CMCon17 Halloween Flash Fiction with Deborah Blake
Happy Halloween, everyone!!
It’s the final day of this year’s Flash Fiction event, I hope you’ve been enjoying all of the stories!! Also, be sure to check out the Coastal Magic Convention, where you’ll be able to hang out with each of our participating authors, and many, many others.
Today we’ve got THREE holiday stories to share. Deborah Blake‘s fresh take on the traditional Baba Yaga tale has been fun and interesting, and today’s story fits right in (with an added holiday flare!)
Don’t forget to comment below her story with a question or comment for her (or for us), to be entered to win a prize pack of books & swag from many of our authors this week! (And be sure to check back on our “kickoff post” for the full schedule of participating authors. So many great stories, and each day you can enter to win!)
Here’s the image that inspired her story…
Trick or Treat
Bella took a deep breath of the fresh air coming through the caravan’s open window and sighed with contentment. After a week fighting to control a smoky wildfire in Ohio, the crisp clean air of late October in upstate New York smelled like heaven. Outside the window, the tattered remains of a few bright leaves drifted to the ground like faded autumnal birds, heralding the coming winter. She pushed her long red hair out of her face, taking another whiff.
As a Baba Yaga, one of the three powerful witches whose responsibility was the United States, Bella was used to traveling to wherever she was needed. The eastern third of the country was usually covered by Barbara, the eldest of the trio, but Bella was more in tune with the element of fire than the others, so she’d gone instead. And since she’d ended up so close to Barbara’s home in rural Clearwater, New York, Barbara had invited her to stop by for a visit. Barbara might tend toward the crabby and antisocial with most folks, in keeping with the traditional Russian fairy tale witches in whose footsteps they followed, but that had never applied to her sister-Babas, and living with her sheriff husband Liam and adopted daughter Babs had mellowed her even more. Well…maybe mellowed was a bit of a stretch, but Bella was looking forward to seeing her anyway, especially since it what Halloween, a special holiday for those of the witchy persuasion.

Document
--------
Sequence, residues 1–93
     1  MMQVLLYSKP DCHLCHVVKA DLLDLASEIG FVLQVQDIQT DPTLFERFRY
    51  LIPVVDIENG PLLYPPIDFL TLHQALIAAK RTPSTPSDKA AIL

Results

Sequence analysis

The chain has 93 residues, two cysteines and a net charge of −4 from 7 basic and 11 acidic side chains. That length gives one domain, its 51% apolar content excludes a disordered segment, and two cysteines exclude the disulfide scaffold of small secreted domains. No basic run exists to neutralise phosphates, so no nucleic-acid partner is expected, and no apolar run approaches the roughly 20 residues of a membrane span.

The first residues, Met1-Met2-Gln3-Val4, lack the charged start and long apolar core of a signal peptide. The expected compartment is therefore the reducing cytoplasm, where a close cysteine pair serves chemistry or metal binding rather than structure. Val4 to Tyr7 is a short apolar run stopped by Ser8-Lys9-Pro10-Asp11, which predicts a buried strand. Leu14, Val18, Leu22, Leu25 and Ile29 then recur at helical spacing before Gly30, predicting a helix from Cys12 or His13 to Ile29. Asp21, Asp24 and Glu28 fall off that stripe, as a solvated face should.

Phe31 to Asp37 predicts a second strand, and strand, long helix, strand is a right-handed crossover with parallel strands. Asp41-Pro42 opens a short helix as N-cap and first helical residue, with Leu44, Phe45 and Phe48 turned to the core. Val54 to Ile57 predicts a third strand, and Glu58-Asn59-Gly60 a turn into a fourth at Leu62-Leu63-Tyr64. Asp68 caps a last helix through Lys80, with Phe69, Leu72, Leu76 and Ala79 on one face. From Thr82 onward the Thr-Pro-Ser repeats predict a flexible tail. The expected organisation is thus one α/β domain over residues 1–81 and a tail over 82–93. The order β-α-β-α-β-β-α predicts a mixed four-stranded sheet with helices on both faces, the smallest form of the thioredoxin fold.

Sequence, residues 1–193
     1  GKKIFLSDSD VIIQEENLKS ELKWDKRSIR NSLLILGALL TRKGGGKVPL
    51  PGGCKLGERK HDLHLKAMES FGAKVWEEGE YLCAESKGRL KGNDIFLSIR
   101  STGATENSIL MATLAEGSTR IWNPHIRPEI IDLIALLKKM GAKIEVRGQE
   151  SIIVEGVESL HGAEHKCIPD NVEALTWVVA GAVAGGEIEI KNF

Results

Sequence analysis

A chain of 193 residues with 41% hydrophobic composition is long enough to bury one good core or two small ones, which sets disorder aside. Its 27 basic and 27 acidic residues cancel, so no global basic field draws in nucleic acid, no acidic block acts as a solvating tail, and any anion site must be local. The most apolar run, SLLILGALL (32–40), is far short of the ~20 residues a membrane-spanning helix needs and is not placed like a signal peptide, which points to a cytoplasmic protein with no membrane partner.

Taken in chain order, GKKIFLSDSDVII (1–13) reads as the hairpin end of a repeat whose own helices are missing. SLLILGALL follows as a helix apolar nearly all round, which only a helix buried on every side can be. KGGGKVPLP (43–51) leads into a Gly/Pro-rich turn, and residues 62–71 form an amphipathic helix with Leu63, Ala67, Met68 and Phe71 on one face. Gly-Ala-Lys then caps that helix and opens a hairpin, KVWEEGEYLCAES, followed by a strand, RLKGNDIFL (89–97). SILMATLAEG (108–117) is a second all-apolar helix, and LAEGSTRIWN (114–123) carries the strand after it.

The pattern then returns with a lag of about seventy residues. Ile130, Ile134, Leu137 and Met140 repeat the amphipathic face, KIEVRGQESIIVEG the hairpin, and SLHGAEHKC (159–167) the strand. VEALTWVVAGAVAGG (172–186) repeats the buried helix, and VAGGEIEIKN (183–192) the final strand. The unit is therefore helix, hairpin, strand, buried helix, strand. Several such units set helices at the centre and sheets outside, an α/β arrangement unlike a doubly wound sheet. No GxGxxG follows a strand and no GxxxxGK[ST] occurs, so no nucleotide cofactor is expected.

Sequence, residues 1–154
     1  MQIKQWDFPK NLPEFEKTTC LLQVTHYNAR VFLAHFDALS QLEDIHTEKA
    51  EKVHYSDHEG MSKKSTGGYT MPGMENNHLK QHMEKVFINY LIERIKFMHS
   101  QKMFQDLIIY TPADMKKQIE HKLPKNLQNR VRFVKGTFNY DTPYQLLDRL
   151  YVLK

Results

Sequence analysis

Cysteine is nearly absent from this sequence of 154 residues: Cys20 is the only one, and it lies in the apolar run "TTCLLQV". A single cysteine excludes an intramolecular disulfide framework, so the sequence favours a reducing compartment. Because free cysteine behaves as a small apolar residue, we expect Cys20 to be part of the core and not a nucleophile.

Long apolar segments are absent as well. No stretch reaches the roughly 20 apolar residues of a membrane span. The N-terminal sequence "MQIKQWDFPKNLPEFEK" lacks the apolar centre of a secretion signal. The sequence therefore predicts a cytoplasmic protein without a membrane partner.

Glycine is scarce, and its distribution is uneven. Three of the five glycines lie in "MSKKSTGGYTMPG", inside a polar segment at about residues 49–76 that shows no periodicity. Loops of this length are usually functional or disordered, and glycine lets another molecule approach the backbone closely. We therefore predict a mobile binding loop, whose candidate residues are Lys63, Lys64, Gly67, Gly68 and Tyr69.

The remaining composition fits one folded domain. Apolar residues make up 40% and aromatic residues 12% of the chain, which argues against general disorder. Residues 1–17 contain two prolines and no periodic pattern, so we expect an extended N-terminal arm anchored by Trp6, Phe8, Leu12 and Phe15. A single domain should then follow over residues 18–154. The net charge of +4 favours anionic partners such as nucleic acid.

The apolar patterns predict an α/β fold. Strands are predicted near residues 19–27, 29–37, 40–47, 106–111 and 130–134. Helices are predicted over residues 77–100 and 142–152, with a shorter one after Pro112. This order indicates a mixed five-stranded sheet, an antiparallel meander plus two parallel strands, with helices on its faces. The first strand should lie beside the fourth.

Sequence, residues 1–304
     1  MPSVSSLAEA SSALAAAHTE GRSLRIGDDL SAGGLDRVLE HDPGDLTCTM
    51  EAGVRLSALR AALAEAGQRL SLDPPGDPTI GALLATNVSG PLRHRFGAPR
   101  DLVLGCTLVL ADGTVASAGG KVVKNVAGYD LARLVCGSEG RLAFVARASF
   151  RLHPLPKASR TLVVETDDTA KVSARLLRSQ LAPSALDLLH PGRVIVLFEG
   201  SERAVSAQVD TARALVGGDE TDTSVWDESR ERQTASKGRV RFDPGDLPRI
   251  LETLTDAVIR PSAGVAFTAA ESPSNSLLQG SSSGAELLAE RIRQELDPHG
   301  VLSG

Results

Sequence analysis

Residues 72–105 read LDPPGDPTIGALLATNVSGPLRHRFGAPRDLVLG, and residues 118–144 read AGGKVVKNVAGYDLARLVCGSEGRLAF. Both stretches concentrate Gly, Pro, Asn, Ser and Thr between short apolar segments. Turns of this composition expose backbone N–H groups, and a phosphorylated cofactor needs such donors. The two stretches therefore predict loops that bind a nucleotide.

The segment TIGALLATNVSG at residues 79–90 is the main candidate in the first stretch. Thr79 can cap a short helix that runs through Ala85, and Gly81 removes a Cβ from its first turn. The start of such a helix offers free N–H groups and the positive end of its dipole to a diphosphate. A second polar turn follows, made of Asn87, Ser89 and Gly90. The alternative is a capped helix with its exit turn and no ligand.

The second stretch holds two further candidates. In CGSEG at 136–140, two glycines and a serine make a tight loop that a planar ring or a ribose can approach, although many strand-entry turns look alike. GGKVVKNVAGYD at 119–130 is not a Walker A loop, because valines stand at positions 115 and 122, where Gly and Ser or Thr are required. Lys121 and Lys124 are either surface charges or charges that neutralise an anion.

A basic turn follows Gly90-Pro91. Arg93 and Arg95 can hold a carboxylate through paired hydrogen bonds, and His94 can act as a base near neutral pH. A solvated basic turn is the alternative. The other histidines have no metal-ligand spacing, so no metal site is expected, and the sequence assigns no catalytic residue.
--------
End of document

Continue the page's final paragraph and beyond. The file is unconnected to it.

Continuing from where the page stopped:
Of course, she was missing her own new husband, Sam, and Jazz, the teen they’d taken in as a Baba Yaga in training, but Bella would be home soon enough, and in the meanwhile, she was hardly alone.
“Were you thinking of making dinner any time soon?” a plaintive voice said from the area near her knees. “All this fresh air is making me hungry.” A large square head butted her leg hard enough to force her to grab for the nearby countertop. In the compact but efficient traveling caravan (transmuted from its original form as a wooden hut atop movable chicken legs, because in this day and age, someone would probably notice such a thing), most things were nearby, more or less.
“Everything makes you hungry,” Bella said in a fond tone to her traveling companion, Koshka. Koshka was actually a dragon, but people tended to notice those too, so he was currently wearing his usual guise of a gigantic brown and gray Norwegian Forest Cat. “When we were in Ohio, you said the smell of smoke made you hungry. Besides, you just had a can of tuna an hour ago, and we’re heading down to Barbara’s house for dinner in a few minutes.”
The caravan was currently parked in a meadow off to the side of Barbara’s yellow farmhouse, tucked a little ways off the road for privacy. Bella was still worn out and a little on edge from dealing with both the fire and the nasty fire elemental who had turned out to have started it, so she was glad for some much-needed peace and quiet.